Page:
TV Club: Doctor Who, “The Curse of Fenric”

“The Curse Of Fenric” (season 26, episodes 8-11; originally aired 10/25-11/15/1989)

“The Curse Of Fenric,” like many Doctor Who stories, is about a battle to stop an impending apocalypse. It was also close to an apocalypse for Doctor Who in real life: This was the second-to-last story the series aired before its cancellation. And that was a real shame—because while “The Curse Of Fenric” isn’t brilliant or even much above average, it does represent a huge improvement over the embarrassing mess of the Sixth Doctor’s seasons 22 and 23, and one which provided a clear direction for the current revival.

“Curse Of Fenric” also shows how Doctor Who’s greatest strength, its ability to reinvent itself, wasn’t limited to a change in lead actor, but was driven by behind-the-scenes changes in production staff—in this case, by the addition of the classic-era series’ final script editor, Andrew Cartmel. Cartmel and Sylvester McCoy, who played the Seventh Doctor, came on board at the same time, in the wake of a catastrophic meltdown that had resulted in, among other things, previous star Colin Baker getting fired. Their first season, led off by “Time And The Rani,” wasn’t much of an improvement, but Cartmel and McCoy both pushed for changes and received, by their third and final season, a pretty solid reinvention anchored by a new take on the Seventh Doctor—the comic buffoonery of “Time And The Rani” was downplayed, with McCoy now portraying a slightly bumbling but ultimately wise and mysterious near-mystical figure who acted as surrogate father to his spirited but troubled companion Ace (Sophie Aldred).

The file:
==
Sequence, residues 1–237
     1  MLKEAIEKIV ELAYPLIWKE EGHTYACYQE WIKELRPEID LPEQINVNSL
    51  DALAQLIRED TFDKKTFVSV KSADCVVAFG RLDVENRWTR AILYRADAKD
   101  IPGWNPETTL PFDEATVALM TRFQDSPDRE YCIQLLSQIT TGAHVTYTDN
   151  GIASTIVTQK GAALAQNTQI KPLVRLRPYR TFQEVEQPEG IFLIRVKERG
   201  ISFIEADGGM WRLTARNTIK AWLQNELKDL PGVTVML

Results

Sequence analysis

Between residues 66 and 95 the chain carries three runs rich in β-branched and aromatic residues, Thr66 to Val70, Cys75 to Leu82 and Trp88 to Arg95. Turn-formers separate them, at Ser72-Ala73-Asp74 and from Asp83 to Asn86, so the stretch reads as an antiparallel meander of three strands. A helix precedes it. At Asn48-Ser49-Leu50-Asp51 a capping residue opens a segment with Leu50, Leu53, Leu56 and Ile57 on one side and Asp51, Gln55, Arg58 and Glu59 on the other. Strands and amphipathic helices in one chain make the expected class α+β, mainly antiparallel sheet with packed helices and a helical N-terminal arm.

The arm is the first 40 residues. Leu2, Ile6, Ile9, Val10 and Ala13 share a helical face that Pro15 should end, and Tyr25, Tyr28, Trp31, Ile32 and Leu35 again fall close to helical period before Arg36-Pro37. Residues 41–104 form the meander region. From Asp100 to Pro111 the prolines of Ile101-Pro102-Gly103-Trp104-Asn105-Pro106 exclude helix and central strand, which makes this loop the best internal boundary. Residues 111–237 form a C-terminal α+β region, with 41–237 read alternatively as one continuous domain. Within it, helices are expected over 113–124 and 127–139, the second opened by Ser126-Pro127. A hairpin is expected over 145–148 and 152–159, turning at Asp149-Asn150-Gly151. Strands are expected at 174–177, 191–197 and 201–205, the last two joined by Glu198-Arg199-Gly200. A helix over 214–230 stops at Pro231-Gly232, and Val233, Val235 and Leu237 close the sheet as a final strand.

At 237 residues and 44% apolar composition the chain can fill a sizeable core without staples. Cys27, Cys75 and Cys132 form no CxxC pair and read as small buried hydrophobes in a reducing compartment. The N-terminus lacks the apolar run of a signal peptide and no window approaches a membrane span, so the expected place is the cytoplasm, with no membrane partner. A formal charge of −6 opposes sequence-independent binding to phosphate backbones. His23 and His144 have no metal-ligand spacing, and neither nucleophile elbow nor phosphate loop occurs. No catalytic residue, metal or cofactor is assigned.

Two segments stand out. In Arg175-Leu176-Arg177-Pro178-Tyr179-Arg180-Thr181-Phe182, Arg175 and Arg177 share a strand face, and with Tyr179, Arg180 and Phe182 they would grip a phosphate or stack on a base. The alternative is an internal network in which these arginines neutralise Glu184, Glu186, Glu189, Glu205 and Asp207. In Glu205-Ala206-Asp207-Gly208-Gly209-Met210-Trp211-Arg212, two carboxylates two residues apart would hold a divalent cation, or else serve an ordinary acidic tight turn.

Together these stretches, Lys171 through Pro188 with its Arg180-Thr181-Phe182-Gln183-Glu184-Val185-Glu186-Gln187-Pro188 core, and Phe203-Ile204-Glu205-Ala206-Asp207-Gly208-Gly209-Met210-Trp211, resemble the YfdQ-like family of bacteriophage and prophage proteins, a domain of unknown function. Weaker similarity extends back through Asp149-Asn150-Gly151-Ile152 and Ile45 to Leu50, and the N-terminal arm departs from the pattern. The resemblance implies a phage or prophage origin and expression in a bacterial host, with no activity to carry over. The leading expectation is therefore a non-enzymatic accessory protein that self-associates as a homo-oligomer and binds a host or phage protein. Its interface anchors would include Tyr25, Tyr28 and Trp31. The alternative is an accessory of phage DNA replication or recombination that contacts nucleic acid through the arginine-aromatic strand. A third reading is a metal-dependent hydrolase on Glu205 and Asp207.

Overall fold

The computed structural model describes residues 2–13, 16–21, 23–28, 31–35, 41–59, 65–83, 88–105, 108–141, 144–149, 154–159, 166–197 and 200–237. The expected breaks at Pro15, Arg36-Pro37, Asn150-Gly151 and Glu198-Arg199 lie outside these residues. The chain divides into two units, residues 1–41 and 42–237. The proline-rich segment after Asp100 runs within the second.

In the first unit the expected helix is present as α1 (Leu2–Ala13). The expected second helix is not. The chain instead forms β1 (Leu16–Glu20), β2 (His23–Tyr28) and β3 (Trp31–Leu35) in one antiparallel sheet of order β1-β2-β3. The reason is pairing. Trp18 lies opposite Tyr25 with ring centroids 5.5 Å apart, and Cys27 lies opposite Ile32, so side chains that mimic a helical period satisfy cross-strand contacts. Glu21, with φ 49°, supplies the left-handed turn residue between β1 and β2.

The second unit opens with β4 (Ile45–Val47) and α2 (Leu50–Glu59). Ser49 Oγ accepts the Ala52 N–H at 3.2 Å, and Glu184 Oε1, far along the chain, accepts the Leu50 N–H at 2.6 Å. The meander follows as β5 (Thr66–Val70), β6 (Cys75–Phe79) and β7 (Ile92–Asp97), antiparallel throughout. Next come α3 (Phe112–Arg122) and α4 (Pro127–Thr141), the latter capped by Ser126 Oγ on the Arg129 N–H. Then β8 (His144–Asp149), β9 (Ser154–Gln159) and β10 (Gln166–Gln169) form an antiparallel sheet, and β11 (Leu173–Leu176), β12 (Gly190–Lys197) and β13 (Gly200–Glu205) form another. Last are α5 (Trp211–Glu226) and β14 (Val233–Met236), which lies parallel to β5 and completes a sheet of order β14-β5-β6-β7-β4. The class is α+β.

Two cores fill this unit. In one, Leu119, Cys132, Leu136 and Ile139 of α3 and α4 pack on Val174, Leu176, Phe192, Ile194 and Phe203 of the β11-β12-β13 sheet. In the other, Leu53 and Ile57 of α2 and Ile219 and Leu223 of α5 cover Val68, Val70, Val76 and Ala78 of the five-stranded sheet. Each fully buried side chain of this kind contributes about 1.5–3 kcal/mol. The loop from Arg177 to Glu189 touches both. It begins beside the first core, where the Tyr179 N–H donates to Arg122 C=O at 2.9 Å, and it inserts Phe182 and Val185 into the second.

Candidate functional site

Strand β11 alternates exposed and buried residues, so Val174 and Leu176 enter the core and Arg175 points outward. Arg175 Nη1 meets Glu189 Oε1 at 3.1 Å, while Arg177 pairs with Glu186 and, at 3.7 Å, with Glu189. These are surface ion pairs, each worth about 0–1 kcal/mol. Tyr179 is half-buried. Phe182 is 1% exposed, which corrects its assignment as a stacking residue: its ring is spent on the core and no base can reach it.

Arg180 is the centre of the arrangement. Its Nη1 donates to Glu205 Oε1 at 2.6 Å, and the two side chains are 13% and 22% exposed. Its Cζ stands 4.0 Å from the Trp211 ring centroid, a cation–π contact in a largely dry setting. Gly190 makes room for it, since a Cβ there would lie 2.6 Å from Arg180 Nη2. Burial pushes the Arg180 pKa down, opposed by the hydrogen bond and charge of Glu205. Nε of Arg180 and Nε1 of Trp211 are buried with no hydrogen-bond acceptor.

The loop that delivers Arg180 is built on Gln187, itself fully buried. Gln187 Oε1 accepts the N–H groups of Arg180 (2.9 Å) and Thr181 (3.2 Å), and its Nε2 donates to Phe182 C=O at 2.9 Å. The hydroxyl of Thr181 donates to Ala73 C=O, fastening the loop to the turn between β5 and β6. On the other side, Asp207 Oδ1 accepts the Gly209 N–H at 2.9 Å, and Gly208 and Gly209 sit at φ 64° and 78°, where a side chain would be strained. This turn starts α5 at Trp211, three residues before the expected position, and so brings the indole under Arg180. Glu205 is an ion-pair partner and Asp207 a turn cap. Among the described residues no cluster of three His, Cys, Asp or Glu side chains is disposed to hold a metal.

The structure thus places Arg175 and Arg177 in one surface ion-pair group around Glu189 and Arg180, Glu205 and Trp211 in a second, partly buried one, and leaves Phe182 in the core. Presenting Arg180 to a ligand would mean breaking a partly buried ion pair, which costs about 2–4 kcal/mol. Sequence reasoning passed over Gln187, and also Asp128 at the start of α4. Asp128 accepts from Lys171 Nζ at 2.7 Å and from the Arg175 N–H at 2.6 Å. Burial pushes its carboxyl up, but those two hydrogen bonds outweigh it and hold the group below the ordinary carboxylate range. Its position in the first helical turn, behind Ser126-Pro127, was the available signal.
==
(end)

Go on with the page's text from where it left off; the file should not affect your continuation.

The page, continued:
Originally published Feb. 19, 2012 on Read the complete article.

Interview: The Pines